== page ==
Major scale string bending for beginners

It's important to pay attention to bends up and bends down as well as pitch
It's important to pay attention to bends up and bends down as well as pitch

So, you already know the basic technique behind bending strings. But what next? Well, then next step is to bend within a scale to make sure the bent notes you're hitting fit within the piece you're playing. In this video, we're talking about the major scale.

Bend down?

You bend up, you bend down… Right? Well, yes, but one of the key parts of string bending is how you release your bend, so sometimes you should only hear the sound of the string as you bend up, and other times you should hear the string ring out as you release the bend too. Obviously, once you've bent a string up in pitch you will need to release it at some point. Here, we notate string bends with 'BU' for bend up and 'BD' for bend down. Where you see BD it's telling you to let the string ring out as you release the bend. If there's no BD, you shouldn't hear the release phase of the bend. Look at the first three notes of Example 2 below. You should bend from F# to G# and back down to F# again in one smooth motion. You should only pick the first note here.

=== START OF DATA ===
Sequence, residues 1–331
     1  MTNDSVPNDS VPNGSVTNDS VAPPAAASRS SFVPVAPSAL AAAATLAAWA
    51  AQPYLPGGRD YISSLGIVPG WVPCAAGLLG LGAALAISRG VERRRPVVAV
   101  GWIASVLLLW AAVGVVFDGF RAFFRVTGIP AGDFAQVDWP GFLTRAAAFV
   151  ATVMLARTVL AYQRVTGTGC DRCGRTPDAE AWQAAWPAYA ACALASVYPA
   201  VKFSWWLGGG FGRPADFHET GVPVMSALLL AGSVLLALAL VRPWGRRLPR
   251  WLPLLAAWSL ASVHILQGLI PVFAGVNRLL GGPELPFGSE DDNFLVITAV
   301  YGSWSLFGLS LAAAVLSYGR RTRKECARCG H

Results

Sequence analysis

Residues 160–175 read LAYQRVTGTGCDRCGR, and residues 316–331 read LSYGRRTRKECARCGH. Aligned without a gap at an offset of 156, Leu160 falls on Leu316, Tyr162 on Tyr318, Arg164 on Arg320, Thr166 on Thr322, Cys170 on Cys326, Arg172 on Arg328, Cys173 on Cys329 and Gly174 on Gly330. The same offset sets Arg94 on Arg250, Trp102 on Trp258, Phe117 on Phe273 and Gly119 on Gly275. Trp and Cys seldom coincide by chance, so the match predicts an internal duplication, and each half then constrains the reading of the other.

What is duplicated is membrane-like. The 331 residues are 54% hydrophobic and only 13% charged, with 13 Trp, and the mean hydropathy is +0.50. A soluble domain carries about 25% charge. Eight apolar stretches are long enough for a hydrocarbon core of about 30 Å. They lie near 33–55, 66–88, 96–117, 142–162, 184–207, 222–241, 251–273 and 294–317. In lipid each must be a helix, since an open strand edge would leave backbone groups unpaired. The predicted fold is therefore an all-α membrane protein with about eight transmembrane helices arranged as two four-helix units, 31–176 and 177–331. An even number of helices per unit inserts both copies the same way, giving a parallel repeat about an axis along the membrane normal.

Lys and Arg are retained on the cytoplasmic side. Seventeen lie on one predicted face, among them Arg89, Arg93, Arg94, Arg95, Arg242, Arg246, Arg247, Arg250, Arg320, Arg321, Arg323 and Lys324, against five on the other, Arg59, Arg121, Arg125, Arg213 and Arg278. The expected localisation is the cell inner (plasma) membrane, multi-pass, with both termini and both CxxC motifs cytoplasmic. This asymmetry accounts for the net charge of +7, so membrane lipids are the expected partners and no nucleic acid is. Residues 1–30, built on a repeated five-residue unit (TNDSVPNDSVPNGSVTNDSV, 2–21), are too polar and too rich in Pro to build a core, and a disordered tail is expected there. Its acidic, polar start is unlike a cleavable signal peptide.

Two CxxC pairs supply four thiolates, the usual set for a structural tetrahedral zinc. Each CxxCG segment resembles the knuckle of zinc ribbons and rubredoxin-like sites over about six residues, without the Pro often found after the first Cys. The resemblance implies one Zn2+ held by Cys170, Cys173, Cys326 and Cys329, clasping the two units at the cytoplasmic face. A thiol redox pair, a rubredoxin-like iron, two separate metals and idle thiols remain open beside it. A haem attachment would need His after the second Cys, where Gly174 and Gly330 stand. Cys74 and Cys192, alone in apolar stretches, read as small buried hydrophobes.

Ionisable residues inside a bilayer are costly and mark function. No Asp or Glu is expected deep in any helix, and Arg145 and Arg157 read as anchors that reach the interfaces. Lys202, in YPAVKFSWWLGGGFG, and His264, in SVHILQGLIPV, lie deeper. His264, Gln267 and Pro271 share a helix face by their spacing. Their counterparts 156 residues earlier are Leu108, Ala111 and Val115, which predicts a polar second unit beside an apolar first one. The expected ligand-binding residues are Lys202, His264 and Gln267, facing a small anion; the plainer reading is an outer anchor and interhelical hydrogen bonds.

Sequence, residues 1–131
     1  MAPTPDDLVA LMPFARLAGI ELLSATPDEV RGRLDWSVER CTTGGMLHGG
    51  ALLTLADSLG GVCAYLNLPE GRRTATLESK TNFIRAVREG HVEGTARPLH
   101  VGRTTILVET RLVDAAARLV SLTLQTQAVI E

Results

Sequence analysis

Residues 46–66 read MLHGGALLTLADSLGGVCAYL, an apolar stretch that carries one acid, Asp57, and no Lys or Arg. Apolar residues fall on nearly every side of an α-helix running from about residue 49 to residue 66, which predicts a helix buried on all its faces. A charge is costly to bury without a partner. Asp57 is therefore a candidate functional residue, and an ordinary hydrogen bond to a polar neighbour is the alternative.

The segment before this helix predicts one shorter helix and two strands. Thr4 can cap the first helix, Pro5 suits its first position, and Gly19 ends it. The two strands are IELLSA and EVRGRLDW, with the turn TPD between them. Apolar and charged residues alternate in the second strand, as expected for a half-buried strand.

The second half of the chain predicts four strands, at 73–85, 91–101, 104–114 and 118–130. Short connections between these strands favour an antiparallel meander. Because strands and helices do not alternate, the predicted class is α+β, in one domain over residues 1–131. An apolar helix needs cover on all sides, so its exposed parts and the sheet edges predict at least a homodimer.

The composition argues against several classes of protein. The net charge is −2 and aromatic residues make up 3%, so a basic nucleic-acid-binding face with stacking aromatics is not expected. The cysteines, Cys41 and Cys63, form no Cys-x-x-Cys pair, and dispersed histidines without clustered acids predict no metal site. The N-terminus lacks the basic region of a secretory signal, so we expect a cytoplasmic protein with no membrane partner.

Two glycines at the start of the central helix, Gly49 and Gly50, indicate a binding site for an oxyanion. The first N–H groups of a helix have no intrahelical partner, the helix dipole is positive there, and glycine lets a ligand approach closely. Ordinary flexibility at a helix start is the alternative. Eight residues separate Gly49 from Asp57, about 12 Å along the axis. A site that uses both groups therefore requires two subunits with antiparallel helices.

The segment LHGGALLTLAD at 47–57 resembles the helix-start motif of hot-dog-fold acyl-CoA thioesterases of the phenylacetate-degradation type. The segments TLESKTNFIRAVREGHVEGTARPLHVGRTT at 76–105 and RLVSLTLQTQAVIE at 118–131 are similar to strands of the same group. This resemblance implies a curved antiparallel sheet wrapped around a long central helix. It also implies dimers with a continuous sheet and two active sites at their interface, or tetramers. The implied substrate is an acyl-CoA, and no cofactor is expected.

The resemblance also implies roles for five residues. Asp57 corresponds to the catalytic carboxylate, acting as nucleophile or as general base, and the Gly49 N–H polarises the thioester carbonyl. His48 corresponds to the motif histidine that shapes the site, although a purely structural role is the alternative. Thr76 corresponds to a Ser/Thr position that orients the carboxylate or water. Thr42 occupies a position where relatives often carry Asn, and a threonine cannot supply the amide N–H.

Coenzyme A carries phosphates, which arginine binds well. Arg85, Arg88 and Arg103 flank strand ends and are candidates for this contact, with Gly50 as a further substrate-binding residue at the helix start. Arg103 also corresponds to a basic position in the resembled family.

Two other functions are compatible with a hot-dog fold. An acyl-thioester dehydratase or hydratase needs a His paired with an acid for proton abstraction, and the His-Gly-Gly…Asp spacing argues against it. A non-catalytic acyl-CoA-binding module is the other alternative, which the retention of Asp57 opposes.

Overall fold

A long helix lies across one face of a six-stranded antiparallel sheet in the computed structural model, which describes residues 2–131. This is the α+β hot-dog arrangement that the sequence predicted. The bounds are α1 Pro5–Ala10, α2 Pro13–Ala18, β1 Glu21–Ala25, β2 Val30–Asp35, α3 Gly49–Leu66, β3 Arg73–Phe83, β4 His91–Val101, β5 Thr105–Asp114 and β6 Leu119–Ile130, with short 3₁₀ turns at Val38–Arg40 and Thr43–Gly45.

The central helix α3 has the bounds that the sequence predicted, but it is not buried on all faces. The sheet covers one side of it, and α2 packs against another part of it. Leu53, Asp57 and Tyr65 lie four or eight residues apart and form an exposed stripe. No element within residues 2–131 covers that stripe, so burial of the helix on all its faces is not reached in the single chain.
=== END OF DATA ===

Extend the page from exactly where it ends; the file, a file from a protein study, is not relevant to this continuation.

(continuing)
Next page: tab examples for the video

Example 1: E major scale

(Click tab to enlarge)

This is the scale our track is based on this issue. Practise the scale as it's written here first, then try bending from one note to the next.

Example 2: Bend and release example

(Click tab to enlarge)

There are standard 'bend-ups' here, plus some notes you'll need to bend and release. Look for the 'BDs' in the tab to tell you where you should hear the release.

Chris Bird

Chris has been the Editor of Total Guitar magazine since 2020. Prior to that, he was at the helm of Total Guitar's world-class tab and tuition section for 12 years. He's a former guitar teacher with 35 years playing experience and he holds a degree in Philosophy & Popular Music. Chris has interviewed Brian May three times, Jimmy Page once, and Mark Knopfler zero times – something he desperately hopes to rectify as soon as possible.